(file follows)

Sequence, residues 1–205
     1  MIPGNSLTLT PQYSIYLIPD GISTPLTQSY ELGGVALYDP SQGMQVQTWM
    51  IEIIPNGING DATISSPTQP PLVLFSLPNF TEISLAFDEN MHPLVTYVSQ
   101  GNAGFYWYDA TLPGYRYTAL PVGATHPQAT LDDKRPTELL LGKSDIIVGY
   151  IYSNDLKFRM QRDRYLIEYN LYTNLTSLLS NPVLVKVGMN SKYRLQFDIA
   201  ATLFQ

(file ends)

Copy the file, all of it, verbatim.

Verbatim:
Sequence, residues 1–205
     1  MIPGNSLTLT PQYSIYLIPD GISTPLTQSY ELGGVALYDP SQGMQVQTWM
    51  IEIIPNGING DATISSPTQP PLVLFSLPNF TEISLAFDEN MHPLVTYVSQ
   101  GNAGFYWYDA TLPGYRYTAL PVGATHPQAT LDDKRPTELL LGKSDIIVGY
   151  IYSNDLKFRM QRDRYLIEYN LYTNLTSLLS NPVLVKVGMN SKYRLQFDIA
   201  ATLFQ